Unfortunately, the film doesn’t quite seem to know what to do with its perfect monsters, a problem that holds the film back from being truly great and on par with the original. In the ’87 Hellraiser, as I said earlier, the Cenobites, while scary, aren’t the primary antagonists. They’re more like morally ambiguous arbiters of fate, really only serving to reward/punish (to them, it’s all the same) those who have deliberately sought them out by solving their puzzle. Yet here, in the reboot, they operate under fairly standard slasher rules, appearing at random to stalk our doomed young heroes as they stumble through the increasingly nightmarish architecture generated by the box’s reality-altering powers.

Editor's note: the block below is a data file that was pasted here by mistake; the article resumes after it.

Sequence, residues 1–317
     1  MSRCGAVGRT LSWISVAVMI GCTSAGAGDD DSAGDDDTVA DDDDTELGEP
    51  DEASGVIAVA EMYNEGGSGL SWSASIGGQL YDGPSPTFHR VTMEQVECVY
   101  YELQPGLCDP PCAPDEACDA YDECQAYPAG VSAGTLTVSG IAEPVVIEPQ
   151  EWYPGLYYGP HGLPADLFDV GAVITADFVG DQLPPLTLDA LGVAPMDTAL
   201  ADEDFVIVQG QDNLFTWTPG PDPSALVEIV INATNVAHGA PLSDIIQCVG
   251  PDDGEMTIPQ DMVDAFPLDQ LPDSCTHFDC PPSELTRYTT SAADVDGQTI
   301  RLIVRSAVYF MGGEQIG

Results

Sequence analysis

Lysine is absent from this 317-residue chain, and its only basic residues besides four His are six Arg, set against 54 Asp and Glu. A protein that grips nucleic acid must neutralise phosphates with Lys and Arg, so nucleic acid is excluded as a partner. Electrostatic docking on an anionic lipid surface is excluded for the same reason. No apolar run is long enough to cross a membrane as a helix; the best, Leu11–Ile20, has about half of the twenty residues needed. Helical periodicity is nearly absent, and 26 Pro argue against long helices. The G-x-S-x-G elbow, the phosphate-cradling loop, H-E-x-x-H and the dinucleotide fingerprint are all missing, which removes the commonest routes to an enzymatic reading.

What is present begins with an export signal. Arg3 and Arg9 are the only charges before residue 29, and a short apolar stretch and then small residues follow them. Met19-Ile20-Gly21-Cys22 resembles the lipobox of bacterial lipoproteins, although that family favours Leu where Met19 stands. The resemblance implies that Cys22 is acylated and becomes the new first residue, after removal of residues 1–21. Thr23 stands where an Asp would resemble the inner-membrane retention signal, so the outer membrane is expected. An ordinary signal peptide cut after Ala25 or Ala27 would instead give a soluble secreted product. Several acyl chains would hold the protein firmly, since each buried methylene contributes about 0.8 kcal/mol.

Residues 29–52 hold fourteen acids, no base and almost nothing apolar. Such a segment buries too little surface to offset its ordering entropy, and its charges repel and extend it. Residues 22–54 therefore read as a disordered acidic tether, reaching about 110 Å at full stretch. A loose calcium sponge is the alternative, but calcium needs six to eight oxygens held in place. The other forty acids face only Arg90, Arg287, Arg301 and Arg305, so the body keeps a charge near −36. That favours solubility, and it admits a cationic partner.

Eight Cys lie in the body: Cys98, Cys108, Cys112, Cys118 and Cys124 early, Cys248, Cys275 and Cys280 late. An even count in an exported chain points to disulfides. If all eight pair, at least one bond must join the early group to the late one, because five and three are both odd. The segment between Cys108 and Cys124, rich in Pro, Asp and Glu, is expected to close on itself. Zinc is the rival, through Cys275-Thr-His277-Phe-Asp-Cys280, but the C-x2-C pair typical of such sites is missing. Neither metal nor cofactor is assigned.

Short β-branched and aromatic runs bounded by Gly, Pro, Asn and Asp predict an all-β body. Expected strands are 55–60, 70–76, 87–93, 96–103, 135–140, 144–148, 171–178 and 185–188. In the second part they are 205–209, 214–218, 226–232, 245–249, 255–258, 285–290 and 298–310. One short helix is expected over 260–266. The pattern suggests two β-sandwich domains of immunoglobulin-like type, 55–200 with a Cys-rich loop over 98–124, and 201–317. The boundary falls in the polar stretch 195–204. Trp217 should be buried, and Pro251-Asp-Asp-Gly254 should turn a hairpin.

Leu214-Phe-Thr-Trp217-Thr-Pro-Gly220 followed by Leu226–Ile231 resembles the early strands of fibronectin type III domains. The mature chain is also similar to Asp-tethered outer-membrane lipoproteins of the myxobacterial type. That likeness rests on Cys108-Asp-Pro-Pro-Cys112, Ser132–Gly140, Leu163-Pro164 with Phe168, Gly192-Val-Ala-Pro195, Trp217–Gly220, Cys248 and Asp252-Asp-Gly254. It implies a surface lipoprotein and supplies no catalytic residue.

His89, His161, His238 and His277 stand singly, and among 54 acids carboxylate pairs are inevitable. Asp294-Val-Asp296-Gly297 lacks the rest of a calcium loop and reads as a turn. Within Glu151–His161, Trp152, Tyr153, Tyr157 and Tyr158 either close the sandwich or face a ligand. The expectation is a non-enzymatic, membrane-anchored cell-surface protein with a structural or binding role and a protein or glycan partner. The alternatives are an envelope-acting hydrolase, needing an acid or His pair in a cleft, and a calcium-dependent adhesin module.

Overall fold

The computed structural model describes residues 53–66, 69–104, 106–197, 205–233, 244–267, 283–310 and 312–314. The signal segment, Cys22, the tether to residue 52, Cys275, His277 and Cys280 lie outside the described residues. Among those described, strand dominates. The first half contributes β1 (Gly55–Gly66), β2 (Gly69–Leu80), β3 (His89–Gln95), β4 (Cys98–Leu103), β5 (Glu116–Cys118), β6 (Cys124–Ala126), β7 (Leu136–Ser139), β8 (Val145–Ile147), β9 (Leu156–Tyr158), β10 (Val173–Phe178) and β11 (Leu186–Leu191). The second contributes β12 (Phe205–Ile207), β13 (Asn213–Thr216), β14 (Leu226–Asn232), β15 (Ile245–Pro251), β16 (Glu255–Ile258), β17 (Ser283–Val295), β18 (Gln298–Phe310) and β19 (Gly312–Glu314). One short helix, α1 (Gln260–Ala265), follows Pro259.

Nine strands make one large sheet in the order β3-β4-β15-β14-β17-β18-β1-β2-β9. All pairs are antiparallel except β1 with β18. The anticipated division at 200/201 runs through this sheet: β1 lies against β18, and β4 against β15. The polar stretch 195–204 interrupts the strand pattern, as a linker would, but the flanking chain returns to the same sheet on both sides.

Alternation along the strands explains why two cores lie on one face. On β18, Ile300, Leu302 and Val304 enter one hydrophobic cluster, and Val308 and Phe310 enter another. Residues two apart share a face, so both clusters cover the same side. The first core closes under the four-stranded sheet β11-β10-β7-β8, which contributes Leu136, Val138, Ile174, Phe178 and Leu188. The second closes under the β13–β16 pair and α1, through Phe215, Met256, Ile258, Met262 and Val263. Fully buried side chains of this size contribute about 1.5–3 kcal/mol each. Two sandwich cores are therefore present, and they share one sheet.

This, in and of itself, is a particular highlight of the film. David Bruckner proved in The Night House that he was a master of spatial manipulation to ramp up the scare factor without ever having to explicitly show anything malevolent. And, since architecture played such a huge role in the original series, he was an obvious choice to expand this aspect of the franchise’s lore. In fact, The Night House was originally pitched as a Hellraiser script, so things have come wonderfully full circle for the director. The otherworldly home of the Cenobites, where their god Leviathan lurks, is a claustrophobic, disorienting labyrinth of hallways, tunnels, and stone dungeons that stretch on for eternity. They were unsettling in the original film, but here they’re downright haunting. The final act of the film also takes place concurrently in an elaborate mansion hideaway, where the house has been deliberately designed to play with and alongside the geometry of these supernatural beings. Again, this is Bruckner’s natural habitat, so these scenes are a high point.